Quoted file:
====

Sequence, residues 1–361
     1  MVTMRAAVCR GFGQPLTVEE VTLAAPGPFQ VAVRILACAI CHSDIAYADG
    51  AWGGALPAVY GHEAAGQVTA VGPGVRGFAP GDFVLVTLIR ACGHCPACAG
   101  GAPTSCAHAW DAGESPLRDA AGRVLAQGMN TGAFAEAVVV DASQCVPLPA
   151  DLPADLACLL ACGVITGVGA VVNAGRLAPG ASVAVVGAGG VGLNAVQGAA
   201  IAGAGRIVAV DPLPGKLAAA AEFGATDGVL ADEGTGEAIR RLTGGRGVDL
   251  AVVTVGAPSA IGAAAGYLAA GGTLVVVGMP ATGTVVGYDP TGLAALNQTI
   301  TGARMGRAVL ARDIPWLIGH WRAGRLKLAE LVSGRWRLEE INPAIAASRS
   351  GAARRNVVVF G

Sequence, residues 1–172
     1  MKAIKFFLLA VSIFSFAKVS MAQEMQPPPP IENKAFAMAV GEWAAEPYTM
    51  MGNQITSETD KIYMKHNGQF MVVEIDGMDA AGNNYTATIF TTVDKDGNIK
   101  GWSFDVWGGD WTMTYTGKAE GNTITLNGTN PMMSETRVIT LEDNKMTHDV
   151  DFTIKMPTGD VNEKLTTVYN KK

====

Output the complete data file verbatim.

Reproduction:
Sequence, residues 1–361
     1  MVTMRAAVCR GFGQPLTVEE VTLAAPGPFQ VAVRILACAI CHSDIAYADG
    51  AWGGALPAVY GHEAAGQVTA VGPGVRGFAP GDFVLVTLIR ACGHCPACAG
   101  GAPTSCAHAW DAGESPLRDA AGRVLAQGMN TGAFAEAVVV DASQCVPLPA
   151  DLPADLACLL ACGVITGVGA VVNAGRLAPG ASVAVVGAGG VGLNAVQGAA
   201  IAGAGRIVAV DPLPGKLAAA AEFGATDGVL ADEGTGEAIR RLTGGRGVDL
   251  AVVTVGAPSA IGAAAGYLAA GGTLVVVGMP ATGTVVGYDP TGLAALNQTI
   301  TGARMGRAVL ARDIPWLIGH WRAGRLKLAE LVSGRWRLEE INPAIAASRS
   351  GAARRNVVVF G

Sequence, residues 1–172
     1  MKAIKFFLLA VSIFSFAKVS MAQEMQPPPP IENKAFAMAV GEWAAEPYTM
    51  MGNQITSETD KIYMKHNGQF MVVEIDGMDA AGNNYTATIF TTVDKDGNIK
   101  GWSFDVWGGD WTMTYTGKAE GNTITLNGTN PMMSETRVIT LEDNKMTHDV
   151  DFTIKMPTGD VNEKLTTVYN KK